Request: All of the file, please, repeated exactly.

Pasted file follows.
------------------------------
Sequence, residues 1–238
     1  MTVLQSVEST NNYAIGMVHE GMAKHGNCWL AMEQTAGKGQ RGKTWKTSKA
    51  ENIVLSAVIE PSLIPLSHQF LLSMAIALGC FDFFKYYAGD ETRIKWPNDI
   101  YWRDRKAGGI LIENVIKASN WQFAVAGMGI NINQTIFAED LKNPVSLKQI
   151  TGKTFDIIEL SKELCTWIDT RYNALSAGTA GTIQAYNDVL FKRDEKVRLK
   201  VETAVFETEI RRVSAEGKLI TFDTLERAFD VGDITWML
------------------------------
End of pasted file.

Sequence, residues 1–238
     1  MTVLQSVEST NNYAIGMVHE GMAKHGNCWL AMEQTAGKGQ RGKTWKTSKA
    51  ENIVLSAVIE PSLIPLSHQF LLSMAIALGC FDFFKYYAGD ETRIKWPNDI
   101  YWRDRKAGGI LIENVIKASN WQFAVAGMGI NINQTIFAED LKNPVSLKQI
   151  TGKTFDIIEL SKELCTWIDT RYNALSAGTA GTIQAYNDVL FKRDEKVRLK
   201  VETAVFETEI RRVSAEGKLI TFDTLERAFD VGDITWML